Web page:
Inferring Quality from Wait Time
Mirko Kremer () and
Laurens Debo ()
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Mirko Kremer: Frankfurt School of Finance and Management, 60314 Frankfurt am Main, Germany
Laurens Debo: Tuck School of Business, Dartmouth College, Hanover, New Hampshire 03755
Management Science, 2016, vol. 62, issue 10, 3023-3038
We study the impact of wait time on consumers’ purchasing behavior when product quality is unknown to some consumers (the “uninformed consumers”) but known to others (the “informed consumers”). In a capacitated environment, wait times act as a signal of quality for uninformed consumers because, due to informed consumers in the population, low (high) quality products tend to generate shorter (longer) wait times. Hence, longer wait times may increase uninformed consumers’ perceived quality, and they may still purchase the product, even when the wait time is long. Similarly, short wait times decrease the consumers’ perceived quality, and they may walk away despite the short wait—the “empty restaurant syndrome.” This paper develops and tests a theory of observational learning that predicts these effects. We find that uninformed consumers’ purchasing probability at short waits decreases in the presence of informed consumers. Furthermore, we find that relatively few informed consumers suffice to create this effect. Finally, we show that the purchasing frequency might even increase in the wait time.Data, as supplemental material, are available at http://dx.doi.org/10.1287/mnsc.2015.2264 . This paper was accepted by Martin Lariviere, operations management .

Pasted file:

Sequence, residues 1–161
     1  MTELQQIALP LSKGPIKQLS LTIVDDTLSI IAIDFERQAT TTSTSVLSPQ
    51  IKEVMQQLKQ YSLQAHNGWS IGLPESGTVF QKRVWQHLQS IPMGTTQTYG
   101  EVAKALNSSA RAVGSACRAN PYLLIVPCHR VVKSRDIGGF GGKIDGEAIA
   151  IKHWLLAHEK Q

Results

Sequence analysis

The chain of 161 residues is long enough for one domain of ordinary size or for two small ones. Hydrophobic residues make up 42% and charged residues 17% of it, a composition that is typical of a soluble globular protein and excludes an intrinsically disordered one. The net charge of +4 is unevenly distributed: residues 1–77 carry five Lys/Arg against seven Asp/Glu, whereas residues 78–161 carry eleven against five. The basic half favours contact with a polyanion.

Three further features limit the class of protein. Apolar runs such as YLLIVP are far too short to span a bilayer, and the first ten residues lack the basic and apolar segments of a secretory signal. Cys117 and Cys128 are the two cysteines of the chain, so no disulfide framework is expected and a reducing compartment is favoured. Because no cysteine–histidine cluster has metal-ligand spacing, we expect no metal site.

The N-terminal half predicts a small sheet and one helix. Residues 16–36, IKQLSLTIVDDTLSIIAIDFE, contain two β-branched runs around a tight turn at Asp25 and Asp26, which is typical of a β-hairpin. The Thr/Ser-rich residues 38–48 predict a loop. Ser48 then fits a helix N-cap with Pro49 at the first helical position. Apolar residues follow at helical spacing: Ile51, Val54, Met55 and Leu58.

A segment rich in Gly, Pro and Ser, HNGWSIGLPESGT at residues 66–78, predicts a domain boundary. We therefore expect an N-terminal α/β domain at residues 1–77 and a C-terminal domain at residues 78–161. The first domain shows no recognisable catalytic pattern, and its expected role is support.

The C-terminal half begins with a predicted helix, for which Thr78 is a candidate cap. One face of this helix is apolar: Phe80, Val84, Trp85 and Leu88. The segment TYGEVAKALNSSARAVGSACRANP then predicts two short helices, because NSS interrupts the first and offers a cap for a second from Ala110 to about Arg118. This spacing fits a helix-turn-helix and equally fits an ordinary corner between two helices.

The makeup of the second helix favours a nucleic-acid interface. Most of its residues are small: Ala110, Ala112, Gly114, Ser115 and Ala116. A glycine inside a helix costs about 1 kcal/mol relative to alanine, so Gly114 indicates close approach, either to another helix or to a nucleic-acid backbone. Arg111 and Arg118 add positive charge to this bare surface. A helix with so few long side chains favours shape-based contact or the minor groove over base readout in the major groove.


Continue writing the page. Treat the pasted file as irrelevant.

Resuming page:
Keywords: queues; quality signals; observational learning; experiments (search for similar items in EconPapers)
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Persistent link: https://EconPapers.repec.org/RePEc:inm:ormnsc:v:62:y:2016:i:10:p:3023-3038
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